Feeling good about my progression, I moved on to the 3rd exercise. For this exercise, I needed to split my target into four quadrants. Tim wanted me to shoot four arrows into one quadrant without grouping them. Next, I would pull those arrows and shoot them into a different quadrant. I would repeat this until I shot all four arrows into each quadrant. Then I would do it all over again. During week 1 of this exercise, I shot at 5 yards, and it felt great. With more confidence in my shot execution, I decided to move back to 10 yards for week 2. More confidence improved, and I was ready for exercise #4.
The 4th exercise finally had me grouping arrows. Placing a 3-inch circle in each quadrant was the only change from the previous week. Carefully I aimed to keep the arrows in the black dot. The shot execution was becoming easier with each arrow. For two weeks, I methodically placed arrows in a 3-inch circle.
Dedication and good coaching got the author through his Target Panic, and the results are evident.
My mindset had improved, and my shot execution had improved. I decided I was going to do one more exercise for two weeks. Using the quarter-sized black dots on my targets was the next challenge. Allowing myself one arrow per black dot was all I was going to do. Shooting at 10 yards, this was an excellent exercise for me to focus on making each shot count. The arrows were finding the black dot, and I was having a lot of fun.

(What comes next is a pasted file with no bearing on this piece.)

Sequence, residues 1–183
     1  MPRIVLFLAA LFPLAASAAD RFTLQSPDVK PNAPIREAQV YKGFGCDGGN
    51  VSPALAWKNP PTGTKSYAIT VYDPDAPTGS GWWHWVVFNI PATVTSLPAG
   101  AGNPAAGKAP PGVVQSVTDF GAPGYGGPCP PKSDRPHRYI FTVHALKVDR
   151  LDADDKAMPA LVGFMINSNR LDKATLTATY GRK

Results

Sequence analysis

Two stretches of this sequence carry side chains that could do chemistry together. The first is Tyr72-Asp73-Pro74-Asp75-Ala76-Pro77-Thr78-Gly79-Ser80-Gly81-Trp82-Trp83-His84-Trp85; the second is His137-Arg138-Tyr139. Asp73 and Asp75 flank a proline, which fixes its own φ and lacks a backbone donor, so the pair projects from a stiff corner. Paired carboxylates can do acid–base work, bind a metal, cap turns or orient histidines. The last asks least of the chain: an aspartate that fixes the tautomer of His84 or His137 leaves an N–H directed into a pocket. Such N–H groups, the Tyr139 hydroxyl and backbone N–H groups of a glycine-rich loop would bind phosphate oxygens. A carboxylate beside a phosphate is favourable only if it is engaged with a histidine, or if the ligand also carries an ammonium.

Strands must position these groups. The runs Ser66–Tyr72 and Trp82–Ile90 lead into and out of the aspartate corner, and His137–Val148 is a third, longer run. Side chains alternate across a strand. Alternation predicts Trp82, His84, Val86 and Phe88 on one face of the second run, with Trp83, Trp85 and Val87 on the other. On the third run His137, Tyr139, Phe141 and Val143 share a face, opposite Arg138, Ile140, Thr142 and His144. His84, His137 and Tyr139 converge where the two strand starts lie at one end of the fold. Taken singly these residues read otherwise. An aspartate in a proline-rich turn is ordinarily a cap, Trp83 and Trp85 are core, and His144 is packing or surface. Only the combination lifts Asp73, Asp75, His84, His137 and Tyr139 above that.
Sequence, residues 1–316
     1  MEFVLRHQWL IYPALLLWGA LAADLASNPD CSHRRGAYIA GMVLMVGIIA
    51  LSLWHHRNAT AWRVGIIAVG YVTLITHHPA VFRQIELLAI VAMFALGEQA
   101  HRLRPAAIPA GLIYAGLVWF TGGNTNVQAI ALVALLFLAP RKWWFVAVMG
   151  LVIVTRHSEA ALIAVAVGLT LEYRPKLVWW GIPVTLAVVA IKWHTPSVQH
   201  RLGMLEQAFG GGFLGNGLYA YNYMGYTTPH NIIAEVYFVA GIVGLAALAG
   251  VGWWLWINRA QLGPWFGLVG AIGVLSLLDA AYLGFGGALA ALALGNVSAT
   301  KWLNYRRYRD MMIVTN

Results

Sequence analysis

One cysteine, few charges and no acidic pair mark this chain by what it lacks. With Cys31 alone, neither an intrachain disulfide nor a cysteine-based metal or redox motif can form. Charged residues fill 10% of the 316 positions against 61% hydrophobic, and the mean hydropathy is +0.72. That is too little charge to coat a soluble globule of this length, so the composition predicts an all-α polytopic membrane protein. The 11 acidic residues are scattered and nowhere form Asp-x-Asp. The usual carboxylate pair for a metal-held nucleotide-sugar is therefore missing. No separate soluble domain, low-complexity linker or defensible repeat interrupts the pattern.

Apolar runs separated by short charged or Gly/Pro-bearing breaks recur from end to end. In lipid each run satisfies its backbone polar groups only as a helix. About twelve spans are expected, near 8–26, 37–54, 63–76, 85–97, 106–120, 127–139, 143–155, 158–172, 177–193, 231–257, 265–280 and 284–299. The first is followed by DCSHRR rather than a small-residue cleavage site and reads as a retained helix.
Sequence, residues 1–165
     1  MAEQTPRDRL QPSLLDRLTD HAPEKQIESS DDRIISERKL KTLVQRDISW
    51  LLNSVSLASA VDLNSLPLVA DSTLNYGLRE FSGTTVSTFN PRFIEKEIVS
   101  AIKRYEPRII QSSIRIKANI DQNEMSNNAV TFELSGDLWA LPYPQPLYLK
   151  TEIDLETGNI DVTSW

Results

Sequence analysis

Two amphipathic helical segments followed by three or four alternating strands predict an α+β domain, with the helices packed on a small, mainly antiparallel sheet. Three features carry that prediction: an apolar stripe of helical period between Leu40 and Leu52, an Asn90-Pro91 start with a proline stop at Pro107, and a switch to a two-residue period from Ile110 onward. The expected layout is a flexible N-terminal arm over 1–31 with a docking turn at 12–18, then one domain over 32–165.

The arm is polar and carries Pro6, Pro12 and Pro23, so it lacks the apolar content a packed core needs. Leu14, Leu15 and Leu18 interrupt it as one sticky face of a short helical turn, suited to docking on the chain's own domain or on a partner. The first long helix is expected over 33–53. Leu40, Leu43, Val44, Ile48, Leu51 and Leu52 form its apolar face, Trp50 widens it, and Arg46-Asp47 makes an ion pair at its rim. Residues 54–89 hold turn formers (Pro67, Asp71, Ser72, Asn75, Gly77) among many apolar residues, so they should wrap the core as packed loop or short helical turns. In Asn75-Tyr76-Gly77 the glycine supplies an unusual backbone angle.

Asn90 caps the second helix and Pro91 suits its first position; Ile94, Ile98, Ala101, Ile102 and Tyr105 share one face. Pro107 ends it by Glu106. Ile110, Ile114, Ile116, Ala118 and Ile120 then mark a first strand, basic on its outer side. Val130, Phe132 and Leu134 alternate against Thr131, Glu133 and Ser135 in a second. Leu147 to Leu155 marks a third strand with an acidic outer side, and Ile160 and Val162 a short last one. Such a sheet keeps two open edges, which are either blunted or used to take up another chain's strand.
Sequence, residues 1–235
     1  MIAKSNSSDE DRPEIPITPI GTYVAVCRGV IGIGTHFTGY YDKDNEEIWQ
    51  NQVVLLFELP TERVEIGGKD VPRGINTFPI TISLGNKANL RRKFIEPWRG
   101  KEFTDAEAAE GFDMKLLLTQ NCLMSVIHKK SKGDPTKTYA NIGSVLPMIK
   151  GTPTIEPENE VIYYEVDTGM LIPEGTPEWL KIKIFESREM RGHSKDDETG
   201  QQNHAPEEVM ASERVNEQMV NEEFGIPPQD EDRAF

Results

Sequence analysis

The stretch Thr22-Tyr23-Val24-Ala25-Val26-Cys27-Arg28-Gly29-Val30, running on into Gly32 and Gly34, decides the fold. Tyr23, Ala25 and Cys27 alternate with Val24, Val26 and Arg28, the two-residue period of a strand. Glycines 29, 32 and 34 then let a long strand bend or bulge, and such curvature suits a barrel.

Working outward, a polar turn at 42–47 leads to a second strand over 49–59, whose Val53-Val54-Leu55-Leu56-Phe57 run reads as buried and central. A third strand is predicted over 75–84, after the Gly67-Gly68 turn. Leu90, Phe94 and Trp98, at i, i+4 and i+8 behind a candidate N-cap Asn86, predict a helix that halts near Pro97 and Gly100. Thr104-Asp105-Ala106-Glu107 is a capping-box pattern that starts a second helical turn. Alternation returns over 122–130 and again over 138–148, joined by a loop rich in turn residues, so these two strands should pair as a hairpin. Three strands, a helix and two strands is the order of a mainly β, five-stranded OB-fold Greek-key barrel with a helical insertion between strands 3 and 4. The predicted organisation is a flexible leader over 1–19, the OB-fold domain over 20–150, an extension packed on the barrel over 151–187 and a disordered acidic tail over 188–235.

Tim and I stayed in contact during the whole process. We spent a great deal of time talking about how I was feeling. It was great to have an archery coach help me each step of the way. With Tim's blessing, I decided to attend a local archery range. It was time to see if all the hard work would pay off.
Dave's Archery always has 15 3D targets set up to shoot. The day was not perfect by any means. It was very windy, and I was a little nervous. This day would be the first time I had shot at anything from more than 10 yards. I ranged the first target, and it was 40 yards. Taking my time, I drew my Mathews Traverse, settled the HHA pin, and the BEA Challenger found the ten ring. With my nerves under control, I finished the last 14 targets without any issues.
On the drive home, I called to tell Tim about my practice session. He was glad to hear my results and the excitement in my voice. He urged me to continue with the exercises to reinforce the shot execution. I agreed to his request, and I am still doing the exercises this very day.
Not everyone has access to a local archery coach. Many people do not even know where to look. Tim knows lots of coaches all over the United States. If you are looking to improve or get some help feel free to reach out to him on Facebook, Archery Encounters LLC. He can surely point you in the right direction.